Dogen Zenji urges us to cultivate the mind which
goes beyond thinking.
It’s certainly true that as long as the brain
is active, random—and not so random—thoughts
will arise. Our practice is to allow thoughts to
happen — so we don’t distract ourselves
to begin with by trying to shut them out — and
to allow them to pass as their momentum dies out.
the mind of the expert there are few possibilities;
in the mind of the beginner there are many. Suzuki Roshi
Our practice is to be mindful, as completely mindful
as we can be. And in that mindfulness we neither
indulge in pleasantness nor try to end or move away
from unpleasantness. Rather we remain in a state
of not knowing.
“In the state of non knowing” you don’t
become a dummy; it’s not that you lose track
of what you know. It’s that you don’t
clutch it in a death grip.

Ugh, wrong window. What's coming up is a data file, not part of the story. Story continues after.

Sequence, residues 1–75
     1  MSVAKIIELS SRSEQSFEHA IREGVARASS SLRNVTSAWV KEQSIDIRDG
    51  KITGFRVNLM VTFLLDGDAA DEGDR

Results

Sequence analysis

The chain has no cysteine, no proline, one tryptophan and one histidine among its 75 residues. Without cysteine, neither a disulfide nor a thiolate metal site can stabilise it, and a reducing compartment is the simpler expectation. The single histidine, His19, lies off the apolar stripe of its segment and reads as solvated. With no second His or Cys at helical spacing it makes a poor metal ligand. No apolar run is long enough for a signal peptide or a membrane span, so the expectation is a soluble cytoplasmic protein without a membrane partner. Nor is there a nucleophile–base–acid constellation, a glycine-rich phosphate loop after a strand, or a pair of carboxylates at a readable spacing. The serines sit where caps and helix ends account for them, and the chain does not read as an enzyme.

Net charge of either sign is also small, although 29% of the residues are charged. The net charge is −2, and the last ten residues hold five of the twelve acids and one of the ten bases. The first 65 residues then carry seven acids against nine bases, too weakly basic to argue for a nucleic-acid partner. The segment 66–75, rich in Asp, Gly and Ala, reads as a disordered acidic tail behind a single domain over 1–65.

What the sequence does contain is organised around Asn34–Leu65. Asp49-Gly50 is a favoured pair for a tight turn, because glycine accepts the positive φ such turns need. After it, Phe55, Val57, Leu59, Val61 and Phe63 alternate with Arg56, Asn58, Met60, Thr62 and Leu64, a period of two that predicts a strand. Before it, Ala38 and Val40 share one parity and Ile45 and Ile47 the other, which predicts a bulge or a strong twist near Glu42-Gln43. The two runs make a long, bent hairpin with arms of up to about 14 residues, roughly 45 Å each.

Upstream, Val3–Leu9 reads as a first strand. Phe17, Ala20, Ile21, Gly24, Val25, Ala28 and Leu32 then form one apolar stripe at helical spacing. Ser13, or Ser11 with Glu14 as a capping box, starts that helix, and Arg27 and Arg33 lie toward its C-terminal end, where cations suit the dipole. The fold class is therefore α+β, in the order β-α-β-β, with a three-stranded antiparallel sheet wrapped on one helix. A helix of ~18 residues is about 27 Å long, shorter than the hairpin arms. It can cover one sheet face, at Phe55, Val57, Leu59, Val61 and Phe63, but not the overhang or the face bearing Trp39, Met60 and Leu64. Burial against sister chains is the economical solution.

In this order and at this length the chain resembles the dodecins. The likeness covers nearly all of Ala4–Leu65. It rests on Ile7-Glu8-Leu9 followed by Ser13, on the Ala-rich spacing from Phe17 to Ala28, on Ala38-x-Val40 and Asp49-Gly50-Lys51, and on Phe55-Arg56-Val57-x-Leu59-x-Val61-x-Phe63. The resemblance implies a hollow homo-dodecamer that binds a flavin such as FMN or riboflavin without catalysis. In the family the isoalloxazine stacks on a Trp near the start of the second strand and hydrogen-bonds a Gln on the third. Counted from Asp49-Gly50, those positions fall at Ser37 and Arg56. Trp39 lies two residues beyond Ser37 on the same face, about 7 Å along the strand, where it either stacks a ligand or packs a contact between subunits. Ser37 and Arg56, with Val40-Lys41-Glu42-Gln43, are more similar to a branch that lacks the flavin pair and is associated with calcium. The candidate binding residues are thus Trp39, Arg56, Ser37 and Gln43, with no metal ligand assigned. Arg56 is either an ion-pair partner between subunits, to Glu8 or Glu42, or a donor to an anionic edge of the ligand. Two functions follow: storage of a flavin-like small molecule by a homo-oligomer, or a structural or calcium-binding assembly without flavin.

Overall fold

So this a quality of our practice that goes beyond
concentration, that goes beyond thinking about, that
goes beyond manipulating our consciousness.
It’s being completely natural and present
and not trying to do anything with it other than
Non-thinking is to actively engage each present
moment while refraining from any editorializing about
it. It's bare attention, which in its very simplicity
is quite a challenge to sustain. To experience each
moment in this very lear and uncolored way is the
heart of zazen.
Zazen is a state of being much more than it is a
state of doing. We say we’re “doing” zazen,
but really our practice is being zazen.